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U. of I. professor James Anderson named to National Academy of Education


Jim Anderson
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Photo by L. Brian Stauffer
James D. Anderson

Craig Chamberlain, Education Editor

CHAMPAIGN, Ill. — James D. Anderson, the Gutsgell Professor of educational policy studies at the University of Illinois, has been elected to membership in the National Academy of Education, considered the highest honor in the field of educational scholarship.

Anderson, an educational historian, is the author of “The Education of Blacks in the South, 1860-1935” (1988), which received the Outstanding Book Award that year from the American Educational Research Association. He has written numerous published articles and book chapters on the history of education, and has been an adviser and on-air expert for several Public Broadcasting Service documentaries, including “School: The Story of American Public Education” (2001) and “The Rise and Fall of Jim Crow” (2002).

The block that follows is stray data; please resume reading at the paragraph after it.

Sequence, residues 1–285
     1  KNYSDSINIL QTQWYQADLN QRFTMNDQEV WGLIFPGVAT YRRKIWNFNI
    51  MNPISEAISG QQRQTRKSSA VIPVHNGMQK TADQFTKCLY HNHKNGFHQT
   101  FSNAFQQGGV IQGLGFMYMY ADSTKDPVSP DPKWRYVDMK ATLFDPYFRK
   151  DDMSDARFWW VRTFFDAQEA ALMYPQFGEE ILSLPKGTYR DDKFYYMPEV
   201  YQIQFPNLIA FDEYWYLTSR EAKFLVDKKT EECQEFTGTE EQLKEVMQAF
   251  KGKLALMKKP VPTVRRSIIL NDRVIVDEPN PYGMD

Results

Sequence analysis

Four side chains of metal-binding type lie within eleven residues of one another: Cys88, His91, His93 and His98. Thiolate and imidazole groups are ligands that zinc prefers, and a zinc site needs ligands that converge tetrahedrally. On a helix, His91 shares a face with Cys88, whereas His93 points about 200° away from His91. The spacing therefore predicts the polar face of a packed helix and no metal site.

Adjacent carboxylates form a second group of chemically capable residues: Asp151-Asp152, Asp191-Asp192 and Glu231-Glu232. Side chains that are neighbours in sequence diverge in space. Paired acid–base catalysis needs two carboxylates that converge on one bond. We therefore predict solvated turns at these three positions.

Anderson also has served as an expert witness in a series of federal desegregation cases, as well as for the University of Michigan affirmative action case, Gratz v. Michigan, that was argued before the U.S. Supreme Court.

Anderson earned his master’s degree and doctorate at Illinois, following a bachelor’s from Stillman College. He joined the Illinois faculty in 1974 and has been the head of the department of educational policy studies since 1994.

He is the senior editor of the journal “History of Education Quarterly” and this spring received the Distinguished Career Contributions Award from the American Educational Research Association’s Committee on Scholars of Color in Education.

Anderson is one of two current faculty members in the College of Education to receive NAE membership, joining educational psychology professor Richard C. Anderson.

Anderson’s election, along with that of five others, was announced early last month. He will attend his first annual meeting of the academy in October.